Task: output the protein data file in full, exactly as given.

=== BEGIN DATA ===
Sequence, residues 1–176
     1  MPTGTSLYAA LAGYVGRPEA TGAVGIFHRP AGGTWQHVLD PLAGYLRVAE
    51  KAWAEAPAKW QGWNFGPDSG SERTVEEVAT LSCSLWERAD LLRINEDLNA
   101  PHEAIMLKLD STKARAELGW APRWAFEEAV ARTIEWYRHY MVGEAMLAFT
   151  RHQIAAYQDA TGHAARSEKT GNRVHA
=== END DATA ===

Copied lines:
Sequence, residues 1–176
     1  MPTGTSLYAA LAGYVGRPEA TGAVGIFHRP AGGTWQHVLD PLAGYLRVAE
    51  KAWAEAPAKW QGWNFGPDSG SERTVEEVAT LSCSLWERAD LLRINEDLNA
   101  PHEAIMLKLD STKARAELGW APRWAFEEAV ARTIEWYRHY MVGEAMLAFT
   151  RHQIAAYQDA TGHAARSEKT GNRVHA